- You believe other siblings are innocent until proven guilty.
- You don’t gossip about them behind their backs.
- You don’t withhold forgiveness. God doesn’t with you.
- You thoughtfully and sacrificially meet their needs, be what they may.
- You are genuinely concerned when they grieve or when they rejoice at some good news (Rom. 12:15).
- You listen to them when they speak with you.
- You check in with them occasionally to see how they are doing.
- You admonish them when they slip the Jaws tape under your proverbial bed.
- You tell them you love them even when, not if, tough things happen in the family.
- You don’t speak to them in an insensitive fashion.
I’ll stop there because I’m sure you get the point. Let love abound among us for it is what Christian maturity is all about.
In addition, we encounter three more pivotal keyhat need attention in the next verse.
Be Quiet! (1 Thess. 4:11a)
Let’s first read the text and then reevaluate and make some observations:
11 and to make it your ambition to lead a quiet life and attend to your own business and work with your hands, just as we commanded you; 12 so that you may behave properly toward outsiders and not be in any need (1 Thess. 4).
What should be your spiritual ambition, according to Paul? Answer: Lead a quiet life. The Greek word here is esuchazo ( ἡσυχάζω). Here are the lexical meanings according to Danker:
ἡσυχάζω [ἥσυχος ‘quiet’] – 1. ‘abstain from toil/work’, rest Lk 23:56. – 2. ‘refrain from disorderly conduct’, be peaceable/orderly 1 Th 4:11. – 3. ‘keep one’s peace’, be silent Lk 14:4; Ac 11:18; 21:14.
Does this mean believers shouldn’t talk to each other? No. Does this mean we should be quiet after worship when heading into the busy foyer? Right, no. Danker’s second lexical meaning tells us what we need to know. A calm person isn’t necessarily one who speaks little (which can be the case, especially if they are an INFJ or Advocate personality type on the Meyers-Briggs spectrum). The word Paul employs denotes a person who doesn’t live to create disorder and unrest around them. In a word, they are not all about DRAMA. Have they ever met anyone like this? Wherever you put them, almost instantly people are mad at each other, certain folks stop talking to each other, laughter goes out the window as things become dire, and there is always some new chaotic event because this type of person lives for DRAMA, and they are pretty skilled at creating and keeping the flame of DRAMA burning brightly.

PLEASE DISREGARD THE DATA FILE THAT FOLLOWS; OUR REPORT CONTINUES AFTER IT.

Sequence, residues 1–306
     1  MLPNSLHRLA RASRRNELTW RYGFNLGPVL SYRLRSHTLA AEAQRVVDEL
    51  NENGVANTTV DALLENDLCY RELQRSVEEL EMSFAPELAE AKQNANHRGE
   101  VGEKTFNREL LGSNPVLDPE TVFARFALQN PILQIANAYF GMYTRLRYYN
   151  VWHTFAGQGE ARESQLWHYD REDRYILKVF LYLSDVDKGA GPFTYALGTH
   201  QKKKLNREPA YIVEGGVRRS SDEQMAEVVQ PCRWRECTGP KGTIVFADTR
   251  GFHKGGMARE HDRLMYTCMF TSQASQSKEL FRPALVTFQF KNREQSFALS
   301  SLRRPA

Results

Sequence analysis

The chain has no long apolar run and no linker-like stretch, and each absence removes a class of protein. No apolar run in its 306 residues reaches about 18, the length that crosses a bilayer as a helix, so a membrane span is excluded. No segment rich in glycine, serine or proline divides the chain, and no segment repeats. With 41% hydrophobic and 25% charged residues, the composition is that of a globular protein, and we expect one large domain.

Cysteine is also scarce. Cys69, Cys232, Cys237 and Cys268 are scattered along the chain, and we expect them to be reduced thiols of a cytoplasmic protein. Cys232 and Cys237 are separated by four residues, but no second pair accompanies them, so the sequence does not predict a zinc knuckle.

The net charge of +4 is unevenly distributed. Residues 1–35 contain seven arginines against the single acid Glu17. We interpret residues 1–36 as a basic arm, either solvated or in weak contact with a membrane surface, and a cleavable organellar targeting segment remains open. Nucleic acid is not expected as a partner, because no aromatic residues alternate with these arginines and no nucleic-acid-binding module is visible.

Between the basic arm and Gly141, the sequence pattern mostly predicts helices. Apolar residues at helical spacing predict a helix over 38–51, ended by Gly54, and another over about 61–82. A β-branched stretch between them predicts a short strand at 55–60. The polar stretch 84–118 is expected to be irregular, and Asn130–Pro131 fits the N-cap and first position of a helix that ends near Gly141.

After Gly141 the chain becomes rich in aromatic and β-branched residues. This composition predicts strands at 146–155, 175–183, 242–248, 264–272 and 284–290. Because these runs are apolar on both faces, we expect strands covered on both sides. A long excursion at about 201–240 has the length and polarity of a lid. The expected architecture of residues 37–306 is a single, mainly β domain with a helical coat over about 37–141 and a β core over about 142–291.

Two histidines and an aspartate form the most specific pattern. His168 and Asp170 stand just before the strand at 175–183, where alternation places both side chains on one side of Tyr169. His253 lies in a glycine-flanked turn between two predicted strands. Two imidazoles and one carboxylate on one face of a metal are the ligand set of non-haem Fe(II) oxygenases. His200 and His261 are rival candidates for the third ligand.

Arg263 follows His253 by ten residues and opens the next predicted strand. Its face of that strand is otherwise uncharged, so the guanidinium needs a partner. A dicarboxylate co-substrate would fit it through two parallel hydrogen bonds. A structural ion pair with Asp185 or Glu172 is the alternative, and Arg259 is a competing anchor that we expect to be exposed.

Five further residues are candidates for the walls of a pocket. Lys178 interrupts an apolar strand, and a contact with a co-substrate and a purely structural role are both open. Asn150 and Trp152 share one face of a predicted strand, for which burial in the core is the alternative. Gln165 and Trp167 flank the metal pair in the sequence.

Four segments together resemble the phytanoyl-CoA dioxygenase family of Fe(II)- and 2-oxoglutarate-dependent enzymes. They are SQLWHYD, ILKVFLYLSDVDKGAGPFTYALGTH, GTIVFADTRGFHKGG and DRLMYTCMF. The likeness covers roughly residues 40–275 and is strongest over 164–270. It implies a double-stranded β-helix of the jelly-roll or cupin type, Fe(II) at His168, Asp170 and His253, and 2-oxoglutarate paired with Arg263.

Is this you? Do chaos and complex issues seem to follow you wherever you go? Is there always some new tragedy swirling around your life, a tragedy between you and other people, and you surely haven’t done anything wrong? Right. Do you jump from church to church to escape drama, only to discover you are in the thick of it again? Has it ever occurred to you that you might be the fountainhead of the chaos? Today is the day to come clean, to get quiet.
Next up is this concept for those interested in Christian maturity:
Be Private! (1 Thess. 4:11b)
For introverts, this command may not be that difficult, but for extroverts this might be a bit challenging: